Jews in the Realm of the Sultans
Ottoman Jewish Society in the Seventeenth Century
By Yaron Ben-Naeh.
Jewish society in the Ottoman Empire has not been the subject of systematic research. The seventeenth century is the main object of this study, since it was a formative era. For Ottoman Jews, the 'Ottoman century' constituted an era of gradual acculturation to changing reality, parallel to the changing character of the Ottoman state. Continuous changes and developments shaped anew the character of this Jewry, the core of what would later become known as 'Sephardi Jewry'. Yaron Ben-Naeh draws from primary and secondary Hebrew, Ottoman, and European sources, the image of Jewish society in the Ottoman Empire.
In the chapters he leads the reader from the overall urban framework to individual aspects. Beginning with the physical environment, he moves on to discuss their relationships with the majority society, followed by a description and analysis of the congregation, its organization and structure, and from there to the character of Ottoman Jewish society and its nuclear cell - the family. Special emphasis is placed throughout the work on the interaction with Muslim society and the resulting acculturation that affected all aspects and all levels of Jewish life in the Empire. In this, the author challenges the widespread view that sees this community as being stagnant and self-segregated, as well as the accepted concept of a traditional Jewish society under Islam.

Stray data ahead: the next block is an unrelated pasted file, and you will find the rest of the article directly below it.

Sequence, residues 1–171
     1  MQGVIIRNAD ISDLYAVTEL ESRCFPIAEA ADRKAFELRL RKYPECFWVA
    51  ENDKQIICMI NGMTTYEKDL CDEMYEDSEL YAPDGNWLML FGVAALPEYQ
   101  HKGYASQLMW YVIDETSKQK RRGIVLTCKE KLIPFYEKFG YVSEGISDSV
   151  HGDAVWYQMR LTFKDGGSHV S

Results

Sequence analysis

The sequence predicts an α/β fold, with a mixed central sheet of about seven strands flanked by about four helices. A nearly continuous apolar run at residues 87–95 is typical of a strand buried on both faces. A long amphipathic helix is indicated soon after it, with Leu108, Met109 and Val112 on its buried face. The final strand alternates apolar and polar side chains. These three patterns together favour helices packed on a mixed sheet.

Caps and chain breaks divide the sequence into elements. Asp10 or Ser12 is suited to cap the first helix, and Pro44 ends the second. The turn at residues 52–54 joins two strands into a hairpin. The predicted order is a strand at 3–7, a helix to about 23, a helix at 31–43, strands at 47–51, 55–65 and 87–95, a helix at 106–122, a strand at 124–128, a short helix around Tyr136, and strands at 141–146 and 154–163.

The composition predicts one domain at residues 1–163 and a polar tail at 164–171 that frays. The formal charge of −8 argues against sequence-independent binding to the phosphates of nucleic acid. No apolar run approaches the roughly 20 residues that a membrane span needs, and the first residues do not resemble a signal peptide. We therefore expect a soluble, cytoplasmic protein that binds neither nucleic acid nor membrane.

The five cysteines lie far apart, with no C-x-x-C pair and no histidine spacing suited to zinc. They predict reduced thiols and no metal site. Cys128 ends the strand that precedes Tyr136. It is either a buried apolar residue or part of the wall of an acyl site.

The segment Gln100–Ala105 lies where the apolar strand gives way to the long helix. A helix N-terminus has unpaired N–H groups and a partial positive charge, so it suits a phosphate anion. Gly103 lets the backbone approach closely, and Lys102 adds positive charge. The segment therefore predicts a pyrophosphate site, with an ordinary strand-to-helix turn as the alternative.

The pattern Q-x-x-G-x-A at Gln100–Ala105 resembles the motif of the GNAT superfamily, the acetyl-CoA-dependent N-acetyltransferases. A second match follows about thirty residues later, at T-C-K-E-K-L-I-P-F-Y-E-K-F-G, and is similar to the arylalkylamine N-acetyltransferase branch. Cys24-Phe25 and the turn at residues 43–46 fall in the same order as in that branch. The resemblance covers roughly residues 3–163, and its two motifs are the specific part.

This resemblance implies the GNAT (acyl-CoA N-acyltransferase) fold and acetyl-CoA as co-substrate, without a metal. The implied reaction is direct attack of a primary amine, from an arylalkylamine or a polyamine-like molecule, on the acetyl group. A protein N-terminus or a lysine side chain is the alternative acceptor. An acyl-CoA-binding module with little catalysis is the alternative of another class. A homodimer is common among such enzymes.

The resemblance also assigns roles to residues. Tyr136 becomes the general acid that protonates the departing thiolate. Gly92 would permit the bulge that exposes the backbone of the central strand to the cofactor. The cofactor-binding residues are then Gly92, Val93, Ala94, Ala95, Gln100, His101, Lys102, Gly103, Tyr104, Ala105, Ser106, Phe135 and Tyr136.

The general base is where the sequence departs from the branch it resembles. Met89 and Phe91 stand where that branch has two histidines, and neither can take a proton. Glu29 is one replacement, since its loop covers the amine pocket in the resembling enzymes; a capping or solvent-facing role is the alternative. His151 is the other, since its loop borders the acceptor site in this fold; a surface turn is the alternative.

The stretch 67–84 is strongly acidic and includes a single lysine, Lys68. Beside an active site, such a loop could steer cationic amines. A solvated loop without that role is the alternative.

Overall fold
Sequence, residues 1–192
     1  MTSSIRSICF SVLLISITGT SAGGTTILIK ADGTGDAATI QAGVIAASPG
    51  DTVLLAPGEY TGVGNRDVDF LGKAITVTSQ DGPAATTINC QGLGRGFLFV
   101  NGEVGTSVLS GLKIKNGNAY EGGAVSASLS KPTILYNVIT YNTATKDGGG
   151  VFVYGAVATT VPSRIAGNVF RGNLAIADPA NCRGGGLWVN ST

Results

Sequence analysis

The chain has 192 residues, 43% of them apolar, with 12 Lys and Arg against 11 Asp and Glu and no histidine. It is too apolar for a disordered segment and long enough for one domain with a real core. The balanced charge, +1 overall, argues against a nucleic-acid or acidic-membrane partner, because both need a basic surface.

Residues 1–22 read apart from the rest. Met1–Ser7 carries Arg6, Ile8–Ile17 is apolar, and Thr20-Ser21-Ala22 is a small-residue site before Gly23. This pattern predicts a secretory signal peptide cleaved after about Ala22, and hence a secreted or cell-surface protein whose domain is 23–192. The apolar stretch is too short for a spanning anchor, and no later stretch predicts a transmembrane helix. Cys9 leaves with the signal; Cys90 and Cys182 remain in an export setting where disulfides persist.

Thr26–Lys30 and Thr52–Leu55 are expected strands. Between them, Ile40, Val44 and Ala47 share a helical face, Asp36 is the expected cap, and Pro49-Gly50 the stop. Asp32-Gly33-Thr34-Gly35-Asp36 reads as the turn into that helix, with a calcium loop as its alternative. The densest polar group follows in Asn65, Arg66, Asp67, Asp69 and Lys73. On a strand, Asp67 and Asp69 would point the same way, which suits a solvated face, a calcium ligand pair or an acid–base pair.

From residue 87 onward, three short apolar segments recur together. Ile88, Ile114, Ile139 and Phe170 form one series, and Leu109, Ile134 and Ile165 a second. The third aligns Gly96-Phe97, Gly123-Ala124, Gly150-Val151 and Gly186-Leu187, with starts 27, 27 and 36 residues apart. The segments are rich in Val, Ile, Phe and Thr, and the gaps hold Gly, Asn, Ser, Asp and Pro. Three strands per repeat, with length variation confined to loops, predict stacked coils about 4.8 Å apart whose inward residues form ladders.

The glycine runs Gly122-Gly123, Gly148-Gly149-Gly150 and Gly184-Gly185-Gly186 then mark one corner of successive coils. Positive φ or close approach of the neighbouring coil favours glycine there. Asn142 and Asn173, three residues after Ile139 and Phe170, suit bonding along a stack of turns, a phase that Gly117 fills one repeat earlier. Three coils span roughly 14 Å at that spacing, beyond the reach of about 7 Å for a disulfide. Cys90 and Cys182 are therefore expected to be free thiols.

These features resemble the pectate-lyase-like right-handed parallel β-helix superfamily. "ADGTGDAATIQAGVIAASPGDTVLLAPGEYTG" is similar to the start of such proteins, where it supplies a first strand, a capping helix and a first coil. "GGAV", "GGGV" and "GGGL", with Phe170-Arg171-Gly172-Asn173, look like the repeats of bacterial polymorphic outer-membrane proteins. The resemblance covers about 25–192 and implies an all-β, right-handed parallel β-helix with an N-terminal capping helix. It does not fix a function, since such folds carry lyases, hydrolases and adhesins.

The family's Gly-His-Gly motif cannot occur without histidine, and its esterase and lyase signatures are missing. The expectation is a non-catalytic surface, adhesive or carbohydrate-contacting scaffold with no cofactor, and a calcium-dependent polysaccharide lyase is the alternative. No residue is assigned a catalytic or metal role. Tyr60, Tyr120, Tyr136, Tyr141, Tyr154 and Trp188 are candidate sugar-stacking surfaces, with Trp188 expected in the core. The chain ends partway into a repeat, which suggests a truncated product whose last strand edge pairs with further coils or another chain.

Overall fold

Series: Texts & Studies in Medieval & Early Modern Judaism No. 223
Return to Coronet Books main page